As for affiliation, Amin draws a dividing line between a group that tries to help gay Muslims to break out of homosexuality, and an organisation that promotes homosexuality as an acceptable lifestyle for Muslims. He would be sympathetic towards affiliating the former, but would be totally opposed to affiliating the latter.

“Let’s move to another activity – alcohol. Right now today, there are Muslims who drink, there are Muslims who don’t drink. The Muslims who drink by and large know that they shouldn’t but they just do.

“If there was an organisation of Muslim reforming alcoholics, people who wanted to stop being drinking Muslims, I’d be sympathetic. If there was a group that says, ‘we’ve decided that alcohol is absolutely ok, we encourage all Muslims to drink’ – I just could not see that organisation fitting inside the MCB. I personally would be voting against them.”

But there is no controversy in the MCB over British Muslims not practising polygamy, or not getting married at the same age as Aisha (who is thought to have married the Prophet Muhammad at the age of six or seven), so why is there such controversy over homosexual Muslims?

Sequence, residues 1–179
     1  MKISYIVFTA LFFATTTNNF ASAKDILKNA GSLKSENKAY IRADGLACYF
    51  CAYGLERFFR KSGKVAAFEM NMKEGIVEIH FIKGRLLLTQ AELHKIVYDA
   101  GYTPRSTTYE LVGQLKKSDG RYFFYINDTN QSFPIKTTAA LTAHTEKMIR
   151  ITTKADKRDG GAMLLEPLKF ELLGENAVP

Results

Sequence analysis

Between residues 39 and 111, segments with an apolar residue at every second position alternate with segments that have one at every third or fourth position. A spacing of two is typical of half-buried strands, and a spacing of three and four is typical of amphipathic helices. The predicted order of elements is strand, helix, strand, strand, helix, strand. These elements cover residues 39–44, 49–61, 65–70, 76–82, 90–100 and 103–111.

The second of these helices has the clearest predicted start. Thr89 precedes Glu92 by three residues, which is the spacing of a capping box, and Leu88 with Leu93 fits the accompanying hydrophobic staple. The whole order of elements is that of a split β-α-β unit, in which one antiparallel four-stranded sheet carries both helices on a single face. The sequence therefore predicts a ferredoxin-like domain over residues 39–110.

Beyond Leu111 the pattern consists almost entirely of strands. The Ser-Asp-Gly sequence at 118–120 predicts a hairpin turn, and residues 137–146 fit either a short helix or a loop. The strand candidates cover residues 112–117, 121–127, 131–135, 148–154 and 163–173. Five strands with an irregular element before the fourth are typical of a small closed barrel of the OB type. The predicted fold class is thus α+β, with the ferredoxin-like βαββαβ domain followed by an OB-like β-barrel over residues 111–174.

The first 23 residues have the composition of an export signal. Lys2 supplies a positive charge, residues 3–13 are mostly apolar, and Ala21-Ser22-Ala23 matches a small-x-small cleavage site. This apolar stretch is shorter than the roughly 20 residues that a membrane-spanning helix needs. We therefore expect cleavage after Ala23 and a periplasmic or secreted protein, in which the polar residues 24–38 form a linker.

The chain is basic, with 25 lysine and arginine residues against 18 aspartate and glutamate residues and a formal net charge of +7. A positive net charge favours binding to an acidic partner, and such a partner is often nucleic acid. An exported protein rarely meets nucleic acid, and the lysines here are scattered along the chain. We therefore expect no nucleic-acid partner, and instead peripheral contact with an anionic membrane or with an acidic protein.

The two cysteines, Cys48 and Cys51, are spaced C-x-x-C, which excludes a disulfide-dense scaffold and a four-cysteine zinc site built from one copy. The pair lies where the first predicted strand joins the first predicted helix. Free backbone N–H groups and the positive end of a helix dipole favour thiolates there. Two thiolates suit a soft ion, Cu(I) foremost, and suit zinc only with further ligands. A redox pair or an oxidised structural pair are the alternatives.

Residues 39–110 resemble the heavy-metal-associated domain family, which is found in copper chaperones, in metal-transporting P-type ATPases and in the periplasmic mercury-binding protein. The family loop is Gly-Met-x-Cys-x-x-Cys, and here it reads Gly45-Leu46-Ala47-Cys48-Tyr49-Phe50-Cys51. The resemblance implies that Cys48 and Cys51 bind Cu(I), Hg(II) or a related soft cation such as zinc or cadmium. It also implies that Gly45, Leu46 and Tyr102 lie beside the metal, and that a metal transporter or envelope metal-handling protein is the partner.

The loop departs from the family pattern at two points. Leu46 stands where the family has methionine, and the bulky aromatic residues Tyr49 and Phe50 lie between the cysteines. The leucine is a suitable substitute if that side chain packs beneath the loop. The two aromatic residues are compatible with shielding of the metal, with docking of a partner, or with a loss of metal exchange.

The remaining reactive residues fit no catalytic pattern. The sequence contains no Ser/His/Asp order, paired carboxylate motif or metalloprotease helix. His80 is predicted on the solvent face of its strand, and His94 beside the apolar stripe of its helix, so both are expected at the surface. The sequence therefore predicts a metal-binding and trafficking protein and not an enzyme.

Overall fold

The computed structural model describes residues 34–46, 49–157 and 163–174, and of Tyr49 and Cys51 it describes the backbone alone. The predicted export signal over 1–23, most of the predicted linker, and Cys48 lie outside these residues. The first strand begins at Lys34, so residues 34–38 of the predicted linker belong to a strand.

“It’s a practice that is fundamentally against what the religion teaches,” Amin says of gay Muslims.

“It’s not just that they’re lapsing a bit; they’re lapsing totally if they’re promoting it as an equally valid lifestyle.”

The difference between saying and doing

Amin’s manifesto is wide-ranging, but his fundamental point is that while the MCB has policies on a variety of issues, too often it doesn’t focus sufficiently on them to actually make a difference.

“Virtually every policy that I’ve mentioned in my manifesto, I think you will find already somewhere on the MCB website. There is a document about organ donation, where the MCB has obtained religious opinions from Muslim scholars saying organ donation is permissible. How often does the MCB really push that with the Muslim in the street?

“I want to change the emphasis. I want to go round addressing Muslim audiences around the country, taking questions about issues, but also actually putting forward an agenda, saying this is our country, this is how we live here, these are things that we need to do to make lives better for us as Muslims, for our children as Muslims, and for the non-Muslims in this country. Because the MCB is about the common good, not just Muslims.”

Mohammed Amin's full manifesto is available here

Published on Tuesday 1st June 2010